Could kindness in early childhood mean better performance in school?
Children who have been raised in neighbourhoods with low socio-economic status are at risk for low academic achievement, however this can be mitigated when children are able to act kindly or generously towards others, a Child Development article has outlined.
Researchers from Stanford University, the University of Leeds, and the Bradford Institute for Health Research used data from a longitudinal study which followed young children from such neighborhoods from birth until seven years of age, to explore whether children’s capacity to display prosocial behaviours, such as kindness and generosity toward peers, teachers, and family is linked to their ability to perform well in school.
Highlighting the importance of the connections between social and academic outcomes for children is a crucial step in informing interventions that may reduce educational disparities between children, researcher Emma Armstrong-Carter said.
The study included 1,175 children and their families from Bradford, England, who were predominantly of White European or South Asian ancestries. Children were followed from birth until the age of seven with measurements taken at four times from 2007 to 2010.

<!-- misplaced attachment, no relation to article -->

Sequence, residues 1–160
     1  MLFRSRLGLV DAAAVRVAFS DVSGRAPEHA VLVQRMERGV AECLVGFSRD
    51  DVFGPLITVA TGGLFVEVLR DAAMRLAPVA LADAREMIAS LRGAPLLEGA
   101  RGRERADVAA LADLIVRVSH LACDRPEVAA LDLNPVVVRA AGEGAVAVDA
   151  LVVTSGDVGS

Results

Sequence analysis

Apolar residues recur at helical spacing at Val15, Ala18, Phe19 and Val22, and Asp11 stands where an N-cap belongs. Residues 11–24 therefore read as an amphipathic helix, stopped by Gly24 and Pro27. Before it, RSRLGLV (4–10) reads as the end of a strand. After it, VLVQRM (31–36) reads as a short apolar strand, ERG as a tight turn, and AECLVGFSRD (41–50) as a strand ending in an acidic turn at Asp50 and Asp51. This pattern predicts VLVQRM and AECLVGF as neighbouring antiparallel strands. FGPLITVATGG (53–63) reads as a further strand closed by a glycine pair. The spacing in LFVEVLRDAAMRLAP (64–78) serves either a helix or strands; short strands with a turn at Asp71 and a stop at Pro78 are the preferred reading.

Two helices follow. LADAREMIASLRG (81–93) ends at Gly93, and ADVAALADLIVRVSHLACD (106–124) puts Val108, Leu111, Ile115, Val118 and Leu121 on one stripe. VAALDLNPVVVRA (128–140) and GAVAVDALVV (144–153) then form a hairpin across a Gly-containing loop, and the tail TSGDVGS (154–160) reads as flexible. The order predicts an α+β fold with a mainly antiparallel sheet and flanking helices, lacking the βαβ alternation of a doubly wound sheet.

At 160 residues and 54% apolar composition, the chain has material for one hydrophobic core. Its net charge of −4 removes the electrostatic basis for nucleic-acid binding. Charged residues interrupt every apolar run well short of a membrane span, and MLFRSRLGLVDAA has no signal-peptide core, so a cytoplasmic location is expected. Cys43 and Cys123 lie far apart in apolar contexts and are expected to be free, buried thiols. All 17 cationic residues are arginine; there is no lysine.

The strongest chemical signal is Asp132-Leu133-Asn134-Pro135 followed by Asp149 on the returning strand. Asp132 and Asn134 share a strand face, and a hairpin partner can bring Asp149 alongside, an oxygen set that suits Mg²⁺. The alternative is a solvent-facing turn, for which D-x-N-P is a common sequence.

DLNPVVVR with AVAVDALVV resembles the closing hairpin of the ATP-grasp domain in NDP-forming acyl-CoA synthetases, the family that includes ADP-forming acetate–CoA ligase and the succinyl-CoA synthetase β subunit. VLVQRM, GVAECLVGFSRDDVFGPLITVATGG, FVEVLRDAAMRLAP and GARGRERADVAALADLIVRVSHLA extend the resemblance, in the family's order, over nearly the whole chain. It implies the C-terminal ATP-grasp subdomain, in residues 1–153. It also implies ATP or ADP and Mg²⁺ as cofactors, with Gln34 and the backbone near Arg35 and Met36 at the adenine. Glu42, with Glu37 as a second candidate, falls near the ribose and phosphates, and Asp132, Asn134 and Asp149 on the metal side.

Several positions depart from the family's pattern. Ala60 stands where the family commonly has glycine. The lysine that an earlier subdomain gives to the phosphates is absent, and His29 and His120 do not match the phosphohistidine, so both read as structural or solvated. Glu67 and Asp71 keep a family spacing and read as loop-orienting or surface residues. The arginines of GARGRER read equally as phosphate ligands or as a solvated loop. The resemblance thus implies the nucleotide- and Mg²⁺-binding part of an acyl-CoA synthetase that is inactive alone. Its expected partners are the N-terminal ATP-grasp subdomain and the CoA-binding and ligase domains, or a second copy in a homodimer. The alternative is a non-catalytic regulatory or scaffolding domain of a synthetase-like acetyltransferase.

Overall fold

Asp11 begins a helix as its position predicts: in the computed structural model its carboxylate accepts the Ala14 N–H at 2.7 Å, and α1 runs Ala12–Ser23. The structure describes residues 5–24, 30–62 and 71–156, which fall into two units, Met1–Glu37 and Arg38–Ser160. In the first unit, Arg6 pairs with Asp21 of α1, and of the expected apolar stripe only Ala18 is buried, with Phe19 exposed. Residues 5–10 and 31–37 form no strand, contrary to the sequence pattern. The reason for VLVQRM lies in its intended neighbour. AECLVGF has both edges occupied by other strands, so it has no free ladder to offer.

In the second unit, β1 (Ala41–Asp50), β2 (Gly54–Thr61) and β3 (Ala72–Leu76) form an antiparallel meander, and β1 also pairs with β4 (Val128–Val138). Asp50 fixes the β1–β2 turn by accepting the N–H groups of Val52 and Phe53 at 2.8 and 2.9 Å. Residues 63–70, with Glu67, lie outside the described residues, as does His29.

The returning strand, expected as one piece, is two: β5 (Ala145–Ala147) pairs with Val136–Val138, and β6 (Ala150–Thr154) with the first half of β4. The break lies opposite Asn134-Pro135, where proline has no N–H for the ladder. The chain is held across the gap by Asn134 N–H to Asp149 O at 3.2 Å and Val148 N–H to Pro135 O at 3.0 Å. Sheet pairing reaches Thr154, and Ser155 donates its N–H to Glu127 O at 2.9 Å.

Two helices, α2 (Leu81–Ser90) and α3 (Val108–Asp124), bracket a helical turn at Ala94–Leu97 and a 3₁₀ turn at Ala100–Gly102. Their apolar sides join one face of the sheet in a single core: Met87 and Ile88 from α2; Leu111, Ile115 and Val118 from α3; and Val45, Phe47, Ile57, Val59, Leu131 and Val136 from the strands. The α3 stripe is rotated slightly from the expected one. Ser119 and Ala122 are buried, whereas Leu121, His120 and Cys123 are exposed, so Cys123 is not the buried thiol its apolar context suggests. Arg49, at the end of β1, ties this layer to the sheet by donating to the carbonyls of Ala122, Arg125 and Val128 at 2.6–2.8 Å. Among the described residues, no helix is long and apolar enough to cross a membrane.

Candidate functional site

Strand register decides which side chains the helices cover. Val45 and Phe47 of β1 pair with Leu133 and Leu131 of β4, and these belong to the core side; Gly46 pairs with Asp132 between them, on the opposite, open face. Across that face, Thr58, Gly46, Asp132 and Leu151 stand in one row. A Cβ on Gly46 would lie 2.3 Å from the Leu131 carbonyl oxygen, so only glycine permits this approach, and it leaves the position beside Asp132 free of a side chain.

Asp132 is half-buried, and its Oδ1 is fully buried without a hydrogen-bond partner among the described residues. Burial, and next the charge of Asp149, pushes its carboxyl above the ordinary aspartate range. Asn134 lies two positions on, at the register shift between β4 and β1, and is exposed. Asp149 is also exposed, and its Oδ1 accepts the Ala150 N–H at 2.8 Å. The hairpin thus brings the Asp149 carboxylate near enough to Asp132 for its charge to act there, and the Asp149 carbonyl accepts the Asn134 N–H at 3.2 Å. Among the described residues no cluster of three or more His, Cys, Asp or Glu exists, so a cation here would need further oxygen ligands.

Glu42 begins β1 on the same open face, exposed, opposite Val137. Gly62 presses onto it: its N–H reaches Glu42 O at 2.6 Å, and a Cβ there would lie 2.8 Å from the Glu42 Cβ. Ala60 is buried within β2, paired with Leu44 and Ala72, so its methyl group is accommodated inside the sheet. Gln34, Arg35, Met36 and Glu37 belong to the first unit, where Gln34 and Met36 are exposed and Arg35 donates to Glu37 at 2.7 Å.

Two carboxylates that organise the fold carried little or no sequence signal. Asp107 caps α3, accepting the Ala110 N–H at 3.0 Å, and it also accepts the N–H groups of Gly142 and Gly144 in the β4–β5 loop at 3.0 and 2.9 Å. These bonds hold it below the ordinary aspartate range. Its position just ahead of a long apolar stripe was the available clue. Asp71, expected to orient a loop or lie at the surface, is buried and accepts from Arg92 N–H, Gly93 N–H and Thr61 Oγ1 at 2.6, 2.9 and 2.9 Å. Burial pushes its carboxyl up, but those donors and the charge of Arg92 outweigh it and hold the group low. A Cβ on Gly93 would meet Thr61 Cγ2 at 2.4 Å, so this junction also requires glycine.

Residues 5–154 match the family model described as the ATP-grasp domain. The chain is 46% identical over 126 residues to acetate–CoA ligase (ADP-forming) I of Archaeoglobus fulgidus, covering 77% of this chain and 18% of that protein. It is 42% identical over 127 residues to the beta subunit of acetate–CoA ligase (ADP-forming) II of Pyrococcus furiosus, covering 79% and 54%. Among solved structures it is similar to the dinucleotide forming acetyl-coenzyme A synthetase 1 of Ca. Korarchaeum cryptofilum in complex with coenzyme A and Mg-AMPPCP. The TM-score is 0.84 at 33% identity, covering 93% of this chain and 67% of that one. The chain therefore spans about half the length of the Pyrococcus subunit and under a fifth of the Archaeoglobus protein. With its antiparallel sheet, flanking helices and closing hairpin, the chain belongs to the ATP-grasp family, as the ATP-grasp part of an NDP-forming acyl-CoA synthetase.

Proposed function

Low neighborhood socioeconomic status was associated with poor academic outcomes only for children who displayed low levels of prosocial behaviour and not among children who displayed high levels of prosocial behaviour, researchers said.
This pattern was consistently repeated across three measures of educational progress between the ages of four and seven years, and researchers observed that the stronger the prosocial behaviour, the more likely it was that children would have better educational outcomes.
Children who were seen by others as more helpful were more likely to be received warmly by their teachers, and therefore to receive more positive attention than their peers who were less helpful.
While helping others, the children may have opportunities for cognitive stimulation by practicing skills such as taking the perspective of others and communicating with them, which in turn boosts academic success.
“Our research suggests that fostering prosocial behavior during early childhood may be one way to protect against academic risk for those living in low- income neighborhoods,” Ms Armstrong-Carter said.
“It is possible that teachers, parents and mentors may be able to help children achieve academic success by modeling, teaching, and fostering the development of helping behaviours.”
To access the study in full, please see here.
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